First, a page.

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Mine's a pint of Santa Claus

Try this Michael Jackson chooses a powerful Swiss lager as his Beer of the Month

The strongest lager in the world is called Samichlaus, which means Santa Claus in the Swiss-German dialect of Zurich, where it is made. Its precise potency will vary slightly from one batch to the next, but Samichlaus always has at least 14 per cent alcohol by volume; and has on occasion almost touched 15.

Few occasions call for such a strong brew, but perhaps the stresses and strains of the festive season justify an encounter with Santa Claus in his most powerful incarnation.

Switzerland is among those countries that separate the celebration of Santa Claus, and the giving of gifts, from that of Christmas itself. December 6 is Saint Nicholas' Eve, and that is when each new batch of the potent brew is made, at Zurich's Hürlimann brewery, and laid down to mature in the cold cellars.

It takes almost a year of slow secondary fermentation to develop the full strength of Samichlaus. I can think of no other beer that has such a long period of cold storage (in German, lagering). Nor could the location of the cellars be more appropriate. The whole of the brewery is set into the foothills of the Alps, where the technique of lagering was born (though that was, it must be conceded, on the more easterly side of the mountains in Bavaria).

The brewery is coy about this, but the fact is that conventional methods will not easily make a beer so strong.

Every now and then, I believe, the brew is moved from one lagering tank to another, in order to restart the secondary fermentation. The brewery is coy about this, but the fact is that conventional methods will not easily make a beer so strong.

All fermented drinks are subject to their own self-regulation: as the fermentation creates alcohol, this stuns the yeast, slowing and eventually stopping the process. The types of yeasts that cause the fermentation of grapes, apples or barley malt each have their different tolerances, and the latter start to become extremely drowsy after having created a beer of about 9 per cent alcohol.

The Hürlimann brewery has made a specialty of training yeasts to behave in unusual ways. Paradoxically, its first trick was to produce a pioneering low-alcohol beer, Birell, 25 years ago. Today, Samichlaus and Birell (0.8 per cent alcohol) are better known internationally than the more conventional lagers produced under the Hürlimann name.

Samichlaus was first made in 1980, when Hürlimann decided to pit its super-yeast against other techniques being used to produce very strong lagers across the German border. The Swiss still seem faintly embarrassed about having entered this unofficial competition, which they saw simply as a bit of fun.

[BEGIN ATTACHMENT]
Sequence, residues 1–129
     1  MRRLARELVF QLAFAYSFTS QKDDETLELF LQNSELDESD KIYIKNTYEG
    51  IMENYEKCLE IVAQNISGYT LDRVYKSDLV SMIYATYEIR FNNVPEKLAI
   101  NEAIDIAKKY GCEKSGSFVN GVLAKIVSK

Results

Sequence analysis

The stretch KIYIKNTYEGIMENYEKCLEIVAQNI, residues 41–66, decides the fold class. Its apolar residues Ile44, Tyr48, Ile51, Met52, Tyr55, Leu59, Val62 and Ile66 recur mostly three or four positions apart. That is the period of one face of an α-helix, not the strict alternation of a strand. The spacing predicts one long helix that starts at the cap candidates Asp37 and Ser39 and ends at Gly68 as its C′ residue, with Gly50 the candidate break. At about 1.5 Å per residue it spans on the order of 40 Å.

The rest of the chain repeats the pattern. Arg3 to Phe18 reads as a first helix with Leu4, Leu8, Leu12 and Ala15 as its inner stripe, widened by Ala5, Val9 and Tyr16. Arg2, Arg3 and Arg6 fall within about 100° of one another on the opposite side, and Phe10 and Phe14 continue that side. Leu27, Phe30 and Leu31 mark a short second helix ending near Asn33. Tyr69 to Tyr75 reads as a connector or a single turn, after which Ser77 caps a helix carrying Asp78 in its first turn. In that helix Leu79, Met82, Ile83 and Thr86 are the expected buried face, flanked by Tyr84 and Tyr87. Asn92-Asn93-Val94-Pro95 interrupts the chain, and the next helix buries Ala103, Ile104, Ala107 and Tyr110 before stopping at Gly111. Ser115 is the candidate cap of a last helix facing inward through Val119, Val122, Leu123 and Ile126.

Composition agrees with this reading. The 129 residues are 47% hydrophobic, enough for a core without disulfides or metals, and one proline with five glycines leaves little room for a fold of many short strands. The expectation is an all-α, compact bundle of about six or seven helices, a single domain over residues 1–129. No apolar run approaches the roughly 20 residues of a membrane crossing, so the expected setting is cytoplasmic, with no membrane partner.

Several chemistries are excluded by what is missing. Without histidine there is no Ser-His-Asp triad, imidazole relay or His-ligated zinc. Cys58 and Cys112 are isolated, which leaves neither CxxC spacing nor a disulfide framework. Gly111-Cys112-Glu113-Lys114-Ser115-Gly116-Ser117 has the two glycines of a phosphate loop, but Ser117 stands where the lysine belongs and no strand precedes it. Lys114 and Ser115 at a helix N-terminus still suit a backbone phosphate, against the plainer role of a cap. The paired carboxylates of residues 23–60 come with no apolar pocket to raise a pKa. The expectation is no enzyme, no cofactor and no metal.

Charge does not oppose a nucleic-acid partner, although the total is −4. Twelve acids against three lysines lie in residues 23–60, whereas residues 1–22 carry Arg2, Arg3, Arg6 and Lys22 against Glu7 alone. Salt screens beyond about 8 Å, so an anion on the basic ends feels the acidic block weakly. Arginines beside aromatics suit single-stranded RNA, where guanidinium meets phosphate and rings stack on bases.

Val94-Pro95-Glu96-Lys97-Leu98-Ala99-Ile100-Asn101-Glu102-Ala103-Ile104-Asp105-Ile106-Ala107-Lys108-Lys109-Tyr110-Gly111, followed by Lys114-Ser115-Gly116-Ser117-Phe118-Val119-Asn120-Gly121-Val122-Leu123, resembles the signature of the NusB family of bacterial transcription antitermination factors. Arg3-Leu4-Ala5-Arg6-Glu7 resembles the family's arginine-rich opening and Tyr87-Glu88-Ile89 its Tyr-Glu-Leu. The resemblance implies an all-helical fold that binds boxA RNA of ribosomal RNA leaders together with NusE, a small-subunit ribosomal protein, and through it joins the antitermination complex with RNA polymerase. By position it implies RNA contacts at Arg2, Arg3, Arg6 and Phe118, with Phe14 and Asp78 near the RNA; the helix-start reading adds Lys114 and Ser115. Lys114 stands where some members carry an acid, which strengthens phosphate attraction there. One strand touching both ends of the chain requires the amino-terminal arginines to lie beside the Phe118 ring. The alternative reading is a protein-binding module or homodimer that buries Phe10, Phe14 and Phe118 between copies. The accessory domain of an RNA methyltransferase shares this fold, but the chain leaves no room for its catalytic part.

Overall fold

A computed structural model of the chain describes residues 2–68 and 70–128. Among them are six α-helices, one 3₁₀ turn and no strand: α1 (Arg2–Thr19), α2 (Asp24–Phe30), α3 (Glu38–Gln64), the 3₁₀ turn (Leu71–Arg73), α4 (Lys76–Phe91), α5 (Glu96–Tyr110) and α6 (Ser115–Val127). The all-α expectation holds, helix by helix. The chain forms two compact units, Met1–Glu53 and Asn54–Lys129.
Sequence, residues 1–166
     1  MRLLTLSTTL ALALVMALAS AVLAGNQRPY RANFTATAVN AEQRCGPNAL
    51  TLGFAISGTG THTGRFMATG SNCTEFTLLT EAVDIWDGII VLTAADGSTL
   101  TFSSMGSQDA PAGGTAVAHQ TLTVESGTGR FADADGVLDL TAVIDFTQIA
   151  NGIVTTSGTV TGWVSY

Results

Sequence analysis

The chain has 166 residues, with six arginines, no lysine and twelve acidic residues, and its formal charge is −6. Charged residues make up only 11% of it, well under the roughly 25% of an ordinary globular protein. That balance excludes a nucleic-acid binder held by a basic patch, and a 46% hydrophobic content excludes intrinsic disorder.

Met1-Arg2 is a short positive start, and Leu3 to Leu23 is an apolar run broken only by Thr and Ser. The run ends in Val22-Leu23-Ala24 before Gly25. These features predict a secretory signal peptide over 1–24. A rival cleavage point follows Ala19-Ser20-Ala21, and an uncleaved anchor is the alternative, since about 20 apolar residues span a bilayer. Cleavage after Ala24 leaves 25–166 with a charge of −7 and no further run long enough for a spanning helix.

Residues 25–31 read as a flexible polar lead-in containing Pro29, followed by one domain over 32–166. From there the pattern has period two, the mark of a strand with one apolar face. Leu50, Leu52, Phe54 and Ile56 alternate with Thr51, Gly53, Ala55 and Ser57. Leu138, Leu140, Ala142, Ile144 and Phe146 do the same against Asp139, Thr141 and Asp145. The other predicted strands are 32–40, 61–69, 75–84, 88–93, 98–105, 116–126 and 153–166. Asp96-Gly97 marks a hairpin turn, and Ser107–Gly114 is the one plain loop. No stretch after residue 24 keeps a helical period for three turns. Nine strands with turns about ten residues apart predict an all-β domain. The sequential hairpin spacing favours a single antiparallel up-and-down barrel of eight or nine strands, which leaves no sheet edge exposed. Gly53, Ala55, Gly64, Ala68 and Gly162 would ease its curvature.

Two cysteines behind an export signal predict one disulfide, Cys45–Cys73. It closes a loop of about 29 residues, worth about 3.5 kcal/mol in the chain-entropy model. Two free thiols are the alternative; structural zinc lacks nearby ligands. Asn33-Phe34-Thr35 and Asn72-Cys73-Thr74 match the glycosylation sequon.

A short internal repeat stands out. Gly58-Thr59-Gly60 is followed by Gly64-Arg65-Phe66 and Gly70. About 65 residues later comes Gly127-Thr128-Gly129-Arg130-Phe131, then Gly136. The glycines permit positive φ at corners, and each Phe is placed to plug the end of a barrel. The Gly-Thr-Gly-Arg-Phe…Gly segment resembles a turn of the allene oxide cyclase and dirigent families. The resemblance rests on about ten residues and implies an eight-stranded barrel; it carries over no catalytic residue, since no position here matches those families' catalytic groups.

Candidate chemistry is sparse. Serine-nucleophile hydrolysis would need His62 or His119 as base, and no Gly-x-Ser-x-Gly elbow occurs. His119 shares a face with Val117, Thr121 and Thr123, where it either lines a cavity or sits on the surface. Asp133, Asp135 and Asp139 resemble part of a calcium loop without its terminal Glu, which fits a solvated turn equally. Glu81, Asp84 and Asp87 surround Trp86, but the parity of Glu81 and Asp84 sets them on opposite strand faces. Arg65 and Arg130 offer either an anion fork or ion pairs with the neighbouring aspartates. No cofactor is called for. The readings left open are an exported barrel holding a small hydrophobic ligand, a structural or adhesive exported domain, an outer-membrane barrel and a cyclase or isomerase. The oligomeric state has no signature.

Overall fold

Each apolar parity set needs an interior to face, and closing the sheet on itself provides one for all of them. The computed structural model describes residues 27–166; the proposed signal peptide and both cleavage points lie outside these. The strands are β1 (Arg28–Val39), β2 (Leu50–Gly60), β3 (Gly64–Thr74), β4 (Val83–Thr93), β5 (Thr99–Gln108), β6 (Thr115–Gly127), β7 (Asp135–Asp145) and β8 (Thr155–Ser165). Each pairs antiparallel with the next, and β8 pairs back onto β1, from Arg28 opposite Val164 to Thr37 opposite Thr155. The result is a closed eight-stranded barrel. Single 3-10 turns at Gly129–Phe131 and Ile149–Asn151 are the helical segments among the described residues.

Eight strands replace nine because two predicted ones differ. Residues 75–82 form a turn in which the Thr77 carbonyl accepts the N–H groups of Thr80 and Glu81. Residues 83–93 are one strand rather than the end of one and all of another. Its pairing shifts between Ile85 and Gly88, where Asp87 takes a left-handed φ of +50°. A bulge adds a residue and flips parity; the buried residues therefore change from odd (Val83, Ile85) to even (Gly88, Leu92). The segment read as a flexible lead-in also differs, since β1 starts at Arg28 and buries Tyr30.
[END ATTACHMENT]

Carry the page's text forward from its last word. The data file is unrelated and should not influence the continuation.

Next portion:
In recent years the brewery has accepted the traditional view that Christmas and winter beers should be dark.

In the event, the fun caught the attention of beer-hunters worldwide, and Samichlaus has established a place in their hearts. Originally, the brewery tried to make both a pale and a dark version. Trouble was that a beer so dense (original gravity 1228) can hardly be pale, and the Samichlaus interpretation had a markedly ruddy complexion. In recent years the brewery has accepted the traditional view that Christmas and winter beers should be dark.

It seems to have done this almost reluctantly, still using more pale malt than dark, although it employs three different kilnings of the latter. Two varieties of hops are used. Although nearby Bavaria is the most convenient source of barley for malting, and of hops, some of the latter are grown in Switzerland. This may be little more than a patriotic gesture, but the H¨:rlimann family are quietly proud that they introduced it. Their corner of Switzerland has a long history of beer-making: the abbey of St. Gallen, founded by an Irish monk after the Dark Ages, was once one of Europe's greatest brewing monasteries. St. Gall would surely have been pleased with the brew of St. Nicholas.

The Samichlaus brewed a year ago yesterday is now in a smattering of pubs and wine merchants in Britain, and it is my Beer of the Month. It has a reddish-brown colour and a malty aroma and taste that remind me of Horlicks with a slug of alcohol added. At such a high gravity, it would be overwhelmingly cloying but for its smoothness (thanks, no doubt, to the long maturation) and that kick of alcohol. Instead, it is creamy, soothing and gently warming.

I had my first Samichlaus of the season in an unlikely place: the fashionable restaurant and "juice bar" Nosmo King, in Manhattan. The juice of the barley was served as an accompaniment to a chocolate dessert. My companion, Florence Fabricant, food and wine writer of The New York Times, felt that no fermented grape could have accompanied the chocolate so well. I was inclined to agree, but had to test her resolve. "Not even a Madeira?" I ventured. "Not even a Malmsey," she responded.

Is Samichlaus, then, a fortified wine of the beer world? I am still inclined to think of it as a restorative, to be served from a wooden cask suspended from the neck of a mountain rescue dog.

While the Swiss make the strongest lager, the British produce the most potent ale: Roger and Out, which has been known to reach 16.9 per cent, brewed at the Frog and Parrot pub in Division Street, Sheffield.

Published Online: OCT 1, 1997
Published in Print: DEC 7, 1991
In: The Independent

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